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VII. Nitrogen Transformations in Grassland Soils

VII. Nitrogen Transformations in Grassland Soils

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1964; Whitman and Stevens, 1952). The latter workers found 27 species

of legumes in western North Dakota grassland. Half of the total legume

productivity, which ranged from 25 to 90 kg/ha, was accounted for by

four species of legumes. Legume productivity usually accounted for less

than 10% of the total range productivity and at times, for no more than

I %. In quadrat counts, legumes averaged about 30 stalks/m2,whereas the

grasses showed from one thousand to several thousand stems/m2. Although of minor importance as structural components in grassland, the

legumes present therein are generally well nodulated, have deep, extensive root systems, and show an active period of growth during the

moist season. Although the amount of nitrogen fixed annually in the leguminous nodules may be quite low, nevertheless their cumulative role in

nitrogen accretion over a number of years can be substantial. Hopefully,

the recent advances in methodology will shortly make available more informative data on the amount of nitrogen fixed in leguminous symbioses

in various types of grassland.

Plants other than legumes may also serve as hosts for nodulating organisms (Bond, 1967; W. D. P. Stewart, 1966, 1967). Although the microbial endophytes involved in nonleguminous symbioses are not as yet

adequately defined, a wide variety of associations is postulated (Table

XVIII). For plants such as Alnus and Ceanothus, the nodulating bacteria

are actinomycetes rather than rhizobia. Eleagnus and Shepherdia are rootnodulating shrubs of this type and both are widely distributed throughout

many areas of grassland habitat. Recently, Farnsworth and Hammond

( 1 968) have reported that sagebrush (Arternisia lodviciunu) and prickly

pear cactus (Opuntiu frugilis) bear root nodules that appear capable of

fixing atmospheric nitrogen. If their observation is substantiated, it will

extend the range of nonleguminous symbioses and should encourage the

search for other associations. Species of Artemisia and Opuntia are widely distributed throughout the western Great Plains. Mayland et al. (1 966)

noted an increase of 15N in Artemisia during studies of fixation by algae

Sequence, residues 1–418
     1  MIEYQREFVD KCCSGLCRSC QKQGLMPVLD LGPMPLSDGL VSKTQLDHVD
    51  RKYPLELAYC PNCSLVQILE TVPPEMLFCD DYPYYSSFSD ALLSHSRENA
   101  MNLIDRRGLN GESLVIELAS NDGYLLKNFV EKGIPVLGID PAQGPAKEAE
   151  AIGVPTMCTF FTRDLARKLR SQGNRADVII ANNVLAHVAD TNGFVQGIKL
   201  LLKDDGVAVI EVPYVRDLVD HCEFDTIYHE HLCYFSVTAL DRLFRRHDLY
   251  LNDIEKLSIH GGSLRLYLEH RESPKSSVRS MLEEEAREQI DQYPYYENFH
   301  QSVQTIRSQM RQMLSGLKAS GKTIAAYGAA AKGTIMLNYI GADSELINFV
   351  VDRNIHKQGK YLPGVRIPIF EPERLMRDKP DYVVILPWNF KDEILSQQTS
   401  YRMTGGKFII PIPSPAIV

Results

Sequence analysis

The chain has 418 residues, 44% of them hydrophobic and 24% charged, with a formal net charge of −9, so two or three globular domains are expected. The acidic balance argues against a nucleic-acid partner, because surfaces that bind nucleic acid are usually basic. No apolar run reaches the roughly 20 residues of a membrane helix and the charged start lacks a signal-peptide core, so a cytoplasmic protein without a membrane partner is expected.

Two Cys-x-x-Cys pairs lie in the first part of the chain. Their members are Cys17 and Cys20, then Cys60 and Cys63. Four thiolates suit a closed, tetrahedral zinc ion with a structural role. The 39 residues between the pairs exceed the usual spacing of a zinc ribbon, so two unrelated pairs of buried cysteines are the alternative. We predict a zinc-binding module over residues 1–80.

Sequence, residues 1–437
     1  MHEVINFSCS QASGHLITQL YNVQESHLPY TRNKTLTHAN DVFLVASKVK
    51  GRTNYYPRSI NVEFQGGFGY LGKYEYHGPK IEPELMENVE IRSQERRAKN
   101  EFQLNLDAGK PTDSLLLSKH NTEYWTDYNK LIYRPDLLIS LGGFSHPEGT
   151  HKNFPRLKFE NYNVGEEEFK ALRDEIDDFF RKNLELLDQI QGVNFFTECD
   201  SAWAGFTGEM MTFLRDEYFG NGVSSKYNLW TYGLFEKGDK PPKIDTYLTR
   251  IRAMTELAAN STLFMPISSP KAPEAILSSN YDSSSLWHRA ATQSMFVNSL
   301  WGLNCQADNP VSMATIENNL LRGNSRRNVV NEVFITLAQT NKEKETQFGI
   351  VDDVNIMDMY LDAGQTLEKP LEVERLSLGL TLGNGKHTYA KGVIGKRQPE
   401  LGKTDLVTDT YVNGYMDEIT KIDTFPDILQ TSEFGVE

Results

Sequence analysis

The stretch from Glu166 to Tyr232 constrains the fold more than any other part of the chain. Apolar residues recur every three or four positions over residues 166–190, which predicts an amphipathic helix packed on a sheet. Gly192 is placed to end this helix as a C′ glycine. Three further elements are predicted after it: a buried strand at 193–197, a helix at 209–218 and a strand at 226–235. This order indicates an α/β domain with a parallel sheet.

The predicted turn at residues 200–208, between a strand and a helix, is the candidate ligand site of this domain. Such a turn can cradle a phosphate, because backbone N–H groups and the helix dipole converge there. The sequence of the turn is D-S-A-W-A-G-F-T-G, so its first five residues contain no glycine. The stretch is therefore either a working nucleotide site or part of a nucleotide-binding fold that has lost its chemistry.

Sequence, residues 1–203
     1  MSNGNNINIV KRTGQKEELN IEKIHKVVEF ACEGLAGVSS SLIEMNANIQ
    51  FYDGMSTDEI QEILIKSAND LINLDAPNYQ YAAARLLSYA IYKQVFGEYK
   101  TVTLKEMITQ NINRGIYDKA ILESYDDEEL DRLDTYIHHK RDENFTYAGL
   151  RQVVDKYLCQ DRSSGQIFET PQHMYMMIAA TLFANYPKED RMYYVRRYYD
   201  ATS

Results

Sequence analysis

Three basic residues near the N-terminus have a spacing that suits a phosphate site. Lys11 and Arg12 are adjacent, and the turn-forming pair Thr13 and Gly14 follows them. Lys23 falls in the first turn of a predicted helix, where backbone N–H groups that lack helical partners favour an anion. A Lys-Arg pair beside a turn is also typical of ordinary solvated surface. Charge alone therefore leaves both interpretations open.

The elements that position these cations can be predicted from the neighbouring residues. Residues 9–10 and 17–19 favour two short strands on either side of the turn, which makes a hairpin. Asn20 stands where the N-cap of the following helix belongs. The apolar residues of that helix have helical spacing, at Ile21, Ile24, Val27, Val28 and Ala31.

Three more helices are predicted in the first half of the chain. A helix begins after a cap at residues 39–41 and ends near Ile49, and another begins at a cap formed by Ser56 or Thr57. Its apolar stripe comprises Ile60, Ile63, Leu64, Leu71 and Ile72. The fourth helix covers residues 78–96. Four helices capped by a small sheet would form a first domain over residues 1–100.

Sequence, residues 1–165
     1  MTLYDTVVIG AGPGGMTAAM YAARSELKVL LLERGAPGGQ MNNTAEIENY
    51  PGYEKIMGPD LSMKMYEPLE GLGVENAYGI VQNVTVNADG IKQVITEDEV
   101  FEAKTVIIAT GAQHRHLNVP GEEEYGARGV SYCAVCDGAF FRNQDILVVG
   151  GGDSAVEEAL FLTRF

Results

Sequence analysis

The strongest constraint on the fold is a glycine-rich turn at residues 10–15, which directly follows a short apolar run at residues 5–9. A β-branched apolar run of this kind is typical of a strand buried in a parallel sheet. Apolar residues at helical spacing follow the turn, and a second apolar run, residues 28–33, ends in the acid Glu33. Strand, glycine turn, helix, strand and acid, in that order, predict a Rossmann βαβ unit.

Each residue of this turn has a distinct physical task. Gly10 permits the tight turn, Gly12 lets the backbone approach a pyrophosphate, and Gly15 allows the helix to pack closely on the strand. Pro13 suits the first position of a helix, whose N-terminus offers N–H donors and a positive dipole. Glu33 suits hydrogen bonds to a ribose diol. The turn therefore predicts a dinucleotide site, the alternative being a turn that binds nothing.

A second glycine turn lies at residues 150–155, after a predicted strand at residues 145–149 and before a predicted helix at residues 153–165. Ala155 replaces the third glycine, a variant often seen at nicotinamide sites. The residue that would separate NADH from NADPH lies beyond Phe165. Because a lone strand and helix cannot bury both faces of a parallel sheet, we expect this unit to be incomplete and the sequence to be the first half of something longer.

in Arizona desert but attributed the enrichment of isotopic nitrogen to

utilization of nitrogen which has been fixed and excreted by the algal


The leaf nodules and wet leaf surfaces of vegetation in humid tropical

regions provide suitable sites for the development of nitrogen-fixing

bacteria such as Azotobacter, Beijerinckia, Clostridium, Klebsiella, and

Xanthomonas (Ruinen, 196 1 , 1965; Silver el ul., 1963: Vasantharajan

and Bhatt, 1968). It is doubtful that phyllosphere floras contribute significantly to nitrogen accretion in semiarid grassland.

Mycorrhizal nitrogen fixation has been postulated from field evidence



concerning the ability of Pinus species that bear mycorrhizae to grow

vigorously in nitrogen-poor soil (G. Stevenson, 1959). In his reviews on


Known or Postulated Nitrogen-Fixing Symbioses or Associations

Involving Nonleguminous Plants

M icrobiont

Host genera


Symbioses or associations involving

Alnus, Casuarina, Ceanothus,

Compronia, Discaria,

Eleagnus, Hippophae,

Myrica, Shepherdia; possibly

Arremisia and Opuntia

Dryas, A rctosraphylos,

Cercocarpus, Purschia


Cycas, Encephalartos,

Siangeria, Ceratozamia,

Macrozamia, Zamia





Fungus? (Saxton, 1930);

bacterium? (McLuckie,


Blue-green algae


Blue-green algae

Numerous and diverse genera

of both graminous and nongraminous plants


N-fixing organisms in

the phyIlosphere*

Associations involving lower plants



Blue-green algae


Blue-green algae

Blasia, Curvicularia,

A nthoceros


Collema, Leptogium,

Blue-green algae


Site of microbiont and

host interaction

Root nodules

Root nodules are


Root nodules

Coralloid root hypertrophies

Wartlike leafbase


Mycorrhizal roots'

Leaf surfaces

Leaf pores

Thallus cavities

The lichen thallus,

which is a fungusalga symbiosis

'Nitrogen fixation is assumed on the basis of ecological observations, but definitive proof

is lacking.

*The microbionts involved (Azotobacrer, Beuerinckia, Closiridium, blue-green algae) are

known to fix nitrogen even if not in association with higher plants, but association with

higher plants is believed to augment their ecological role as fixers of nitrogen.



nitrogen fixation by higher plants other than legumes, Bond (1967, 1968)

has cited evidence that podocarp nodules, containing a phycomycetous

nonseptate endophyte, fix nitrogen by means of a mycorrhizal association.

Mycorrhizae are known to occur widely among the grasses (Nicolson,

1959: Dorokhova, 1967), but thus far there is no good evidence that they

are capable of fixing atmospheric nitrogen.

Lawrence et al. ( 1 967) have considered the role of Dryas in vegetation

development on newly exposed mineral soil following glacier ice recession. Nitrogen turnover measurements in marine and brackish environments (W. D. P. Stewart, 1967) and studies of fixation by Hippophae in

dune sand (W. D. P. Stewart and Pearson, 1967) have shown fixation

ranging from a few to 100 kg of nitrogen per hectare to occur in these

nonleguminous communities. Nevertheless, at the present state of knowledge, leguminous symbioses must be considered as more important for

nitrogen accretion in grassland than are the various nonleguminous symbioses involving higher plants.

2 . Asymbiotic Nitrogen Fixation

Recognition of the paucity of legumes in many grassland areas has led

to a continued interest in the role of asymbiotic bacteria and other simple